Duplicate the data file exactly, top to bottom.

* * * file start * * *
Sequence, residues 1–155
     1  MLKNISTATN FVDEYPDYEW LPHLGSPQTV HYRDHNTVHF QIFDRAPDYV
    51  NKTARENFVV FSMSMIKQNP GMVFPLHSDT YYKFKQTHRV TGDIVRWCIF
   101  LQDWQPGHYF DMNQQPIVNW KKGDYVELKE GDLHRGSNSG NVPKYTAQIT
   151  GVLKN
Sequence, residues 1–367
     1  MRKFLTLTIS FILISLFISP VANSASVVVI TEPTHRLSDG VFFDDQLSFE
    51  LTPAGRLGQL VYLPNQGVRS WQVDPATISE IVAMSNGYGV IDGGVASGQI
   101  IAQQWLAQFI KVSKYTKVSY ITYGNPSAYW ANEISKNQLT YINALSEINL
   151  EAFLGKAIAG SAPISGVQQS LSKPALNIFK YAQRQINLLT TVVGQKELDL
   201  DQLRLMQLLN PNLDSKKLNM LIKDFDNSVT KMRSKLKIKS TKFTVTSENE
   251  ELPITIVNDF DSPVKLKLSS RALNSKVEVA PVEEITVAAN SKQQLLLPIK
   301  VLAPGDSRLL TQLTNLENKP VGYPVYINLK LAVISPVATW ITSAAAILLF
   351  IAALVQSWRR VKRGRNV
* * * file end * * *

Sequence, residues 1–155
     1  MLKNISTATN FVDEYPDYEW LPHLGSPQTV HYRDHNTVHF QIFDRAPDYV
    51  NKTARENFVV FSMSMIKQNP GMVFPLHSDT YYKFKQTHRV TGDIVRWCIF
   101  LQDWQPGHYF DMNQQPIVNW KKGDYVELKE GDLHRGSNSG NVPKYTAQIT
   151  GVLKN
Sequence, residues 1–367
     1  MRKFLTLTIS FILISLFISP VANSASVVVI TEPTHRLSDG VFFDDQLSFE
    51  LTPAGRLGQL VYLPNQGVRS WQVDPATISE IVAMSNGYGV IDGGVASGQI
   101  IAQQWLAQFI KVSKYTKVSY ITYGNPSAYW ANEISKNQLT YINALSEINL
   151  EAFLGKAIAG SAPISGVQQS LSKPALNIFK YAQRQINLLT TVVGQKELDL
   201  DQLRLMQLLN PNLDSKKLNM LIKDFDNSVT KMRSKLKIKS TKFTVTSENE
   251  ELPITIVNDF DSPVKLKLSS RALNSKVEVA PVEEITVAAN SKQQLLLPIK
   301  VLAPGDSRLL TQLTNLENKP VGYPVYINLK LAVISPVATW ITSAAAILLF
   351  IAALVQSWRR VKRGRNV